Microsoft IE9 blew away Google Chrome, Mozilla Firefox and Apple Safari in new tests by NSS Labs to measure the ability of web browsers to block malware and catch click fraud.
NSS subjected Apple Safari 5, Google Chrome 15-19, Microsoft Internet Explorer 9 and Mozilla Firefox 7-13 to over 3 million test runs against over 84,000 URLs determined to be active and malicious out of a unique sample set of 227,841. Out of 750,000 test cases per browser, NSS labs found in its 75-day review that IE9's malware block rate was 95%, whle Firefox and Safari trailed far behind at 6% apiece and Chrome was somewhere in the middle, with its rate varying from 13% to 74%.
(IE and Chrome are neck and neck, by the way, for the global lead in Web browser share, followed by Firefox and Safari.)
GIVEAWAYS: Free security tools out there for the asking
The NSS "Is your Browser Putting You at Risk?" report conclude that users should "evaluate browser security as part of their layered security strategy."
NSS Labs says browser protection entails an "'in-the-cloud' reputation-based system that scours the Internet for malicious websites and categorizes content accordingly, either by adding it to a black or white list, or assigning a score (depending on the vendor's approach)." When a browser detects a site as "bad," it will re-direct the user to a warning message or page informing them that the URL is malicious. Sometimes the browser will instruct the user that content is malicious or should be cancelled, the report says.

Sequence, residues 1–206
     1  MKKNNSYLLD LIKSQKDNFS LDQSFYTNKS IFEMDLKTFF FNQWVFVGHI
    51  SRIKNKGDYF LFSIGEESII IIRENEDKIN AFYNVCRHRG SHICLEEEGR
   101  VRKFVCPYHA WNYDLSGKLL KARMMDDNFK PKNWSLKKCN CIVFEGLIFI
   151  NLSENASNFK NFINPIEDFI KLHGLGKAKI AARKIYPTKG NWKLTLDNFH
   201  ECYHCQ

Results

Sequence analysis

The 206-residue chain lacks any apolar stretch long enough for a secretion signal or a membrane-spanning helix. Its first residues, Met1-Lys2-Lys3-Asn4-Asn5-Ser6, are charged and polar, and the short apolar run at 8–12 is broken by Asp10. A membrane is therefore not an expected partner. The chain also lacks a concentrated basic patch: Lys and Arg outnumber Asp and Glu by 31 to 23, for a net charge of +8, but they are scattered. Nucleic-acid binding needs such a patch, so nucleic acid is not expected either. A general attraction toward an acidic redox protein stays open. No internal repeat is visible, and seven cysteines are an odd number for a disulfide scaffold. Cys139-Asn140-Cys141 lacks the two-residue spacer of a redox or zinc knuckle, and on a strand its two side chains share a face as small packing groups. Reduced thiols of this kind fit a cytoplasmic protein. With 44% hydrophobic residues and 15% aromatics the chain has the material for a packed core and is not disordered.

NSS Labs also says its testing determined that the SafeBrowsing API 2.0, which provides reputation services for executable files (otherwise called "malicious downloads"), has been integrated into Chrome but not Firefox or Safari.
NSS Labs also tested the browsers for protection against click fraud, a crime that abuses pay-per-click advertising through use of malware infection. Click fraud "causes minimal direct harm to the typical end user, as the ultimate target is the ad buyer," the NSS Labs report points out.
According to the testing, the click-fraud catch rates are as follows: IE9 at 96.6%, followed by Chrome at 1.6%, Firefox at 0.8% and Safari at 0.7%. The lab notes the average lifespan of a click fraud URL was 32 hours with over 50% expiring within 54 hours.
NSS Labs recommends that ad buyers "put pressure on Google to increase the click fraud protection capabilities of Chrome and the SafeBrowsing API."
Ellen Messmer is senior editor at Network World, an IDG publication and website, where she covers news and technology trends related to information security. Twitter: MessmerE. E-mail: firstname.lastname@example.org.